(MONTGOMERY)--Attorney General Troy King today lauded the Alabama Senate for passing three of his crime bills this week, and called on the House of Representatives to give its approval for a victory to give law enforcement tools to protect crime victims.
The Senate voted today in favor of legislation regarding criminals who endanger others while attempted to elude law enforcement and criminals who use their notoriety to further exploit victims.
On Tuesday, the Senate passed legislation regarding criminals who attempt online solicitation of child victims.
“With each passing day, the need for these bills becomes stronger,” said Attorney General King.
“Just two days ago, we saw the devastation that can come from criminals evading law enforcement, as a killer in Geneva took innocent lives with abandon as he fled from the brave officers who stopped him in the end.
I have held the hands of family members devastated by the further exploitation of their lost loved ones, as criminals sought to profit from their notoriety.
And I have fought to punish those despicable predators who prey upon our children through the internet and other modern technology.
I applaud the Senate for its their good work, and urge the House of Representatives to join in standing up for the people of Alabama.”
More information about Attorney General’s crime bills that passed the Senate this week are as follows:
- Attempting to Elude Law Enforcement, sponsored by Representative Spencer Collier and Senator Rusty Glover.
This legislation seeks to reduce the number of individuals who flee from law enforcement, particularly by means of a vehicle.
Intentional flight from law enforcement would start as a class B misdemeanor, but it would become a class C felony if a motor vehicle is used, and it would be a class B felony if the flight created a risk of injury or death to bystanders.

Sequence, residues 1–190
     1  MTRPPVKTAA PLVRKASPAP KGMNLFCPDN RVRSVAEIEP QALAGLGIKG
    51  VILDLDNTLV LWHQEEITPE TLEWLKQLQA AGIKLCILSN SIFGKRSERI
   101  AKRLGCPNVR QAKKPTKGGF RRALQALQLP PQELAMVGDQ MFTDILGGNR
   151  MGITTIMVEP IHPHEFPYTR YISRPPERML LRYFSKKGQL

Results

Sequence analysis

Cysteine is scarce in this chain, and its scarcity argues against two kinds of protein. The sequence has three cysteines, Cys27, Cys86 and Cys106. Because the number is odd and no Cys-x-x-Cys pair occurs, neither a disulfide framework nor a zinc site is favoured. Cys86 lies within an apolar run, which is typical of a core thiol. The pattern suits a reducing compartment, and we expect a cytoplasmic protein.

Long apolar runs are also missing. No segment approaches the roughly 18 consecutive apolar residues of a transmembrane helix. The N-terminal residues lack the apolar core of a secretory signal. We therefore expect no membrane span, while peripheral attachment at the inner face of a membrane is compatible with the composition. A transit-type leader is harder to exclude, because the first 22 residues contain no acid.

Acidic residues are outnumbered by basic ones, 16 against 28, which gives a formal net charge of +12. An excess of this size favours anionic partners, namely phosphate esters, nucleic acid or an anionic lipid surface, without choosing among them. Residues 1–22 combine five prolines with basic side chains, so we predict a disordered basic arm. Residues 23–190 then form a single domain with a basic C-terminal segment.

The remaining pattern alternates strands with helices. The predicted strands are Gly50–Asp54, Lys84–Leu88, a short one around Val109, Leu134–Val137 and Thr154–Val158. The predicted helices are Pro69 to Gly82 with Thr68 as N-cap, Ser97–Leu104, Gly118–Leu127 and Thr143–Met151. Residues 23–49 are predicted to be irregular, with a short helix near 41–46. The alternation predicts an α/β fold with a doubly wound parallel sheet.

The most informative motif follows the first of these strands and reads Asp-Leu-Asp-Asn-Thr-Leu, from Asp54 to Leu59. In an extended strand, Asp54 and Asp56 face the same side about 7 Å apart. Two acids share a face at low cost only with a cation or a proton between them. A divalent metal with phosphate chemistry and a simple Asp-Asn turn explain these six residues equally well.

This bill is a high priority for law enforcement and would keep our streets safer for the citizens of Alabama.
Attorney General King has named this bill in honor of Montgomery police officer Keith E. Houts who was shot and killed in 2006 while making a traffic stop.
- Notoriety Bill, sponsored by Representative Cam Ward and Senator Zeb Little.
This bill also has two primary goals: to provide better opportunities and enforcement of restitution for victims of crime, and to prevent criminals, particularly those on death row, from profiting from the notoriety of their crimes.
If felons created artwork or any thing of value and attempted to sell it, the profits would be seized to compensate their victims.
The bill would establish mandatory minimum compensation for capital murder at $50 thousand, and for a second or more rape conviction at $10 thousand.
The Attorney General could ask a court to seize the offender’s assets to satisfy the restitution order, and prison officials could seize any outgoing mail to search for anything of value that could be used to satisfy restitution to victims.
- Online Solicitation Bill, sponsored by Representative Steve McMillan and Senator Myron Penn.
This bill moves the law forward in two important ways.
First, it specifies that attempted solicitation of a child victim is a crime, regardless of whether an actual child is involved.
Currently, the law is not clear that a person can be charged with soliciting a child by computer if the person being solicited is, in fact, a law enforcement officer, and not a child.
Second, it expands the law to make clear that it is a crime to solicit a child not just by computer, but by any online method to ensure that new technologies are covered.
The class B felony of soliciting a child by computer could be charged if a person who is at least three years older than his victim believes he or she is soliciting a child less than 16.
“Once again, the families and children of Alabama are counting on us to act, with this legislation to keep our loved ones safe, to defend our citizens against those who would exploit and violate innocent victims, and to provide stronger tools to assist law enforcement in their heroic efforts,” said Attorney General King. “I urge our citizens to join me in calling upon our Representatives to enact these important measures to make our state safer and to punish those who would endanger the good people of Alabama.”
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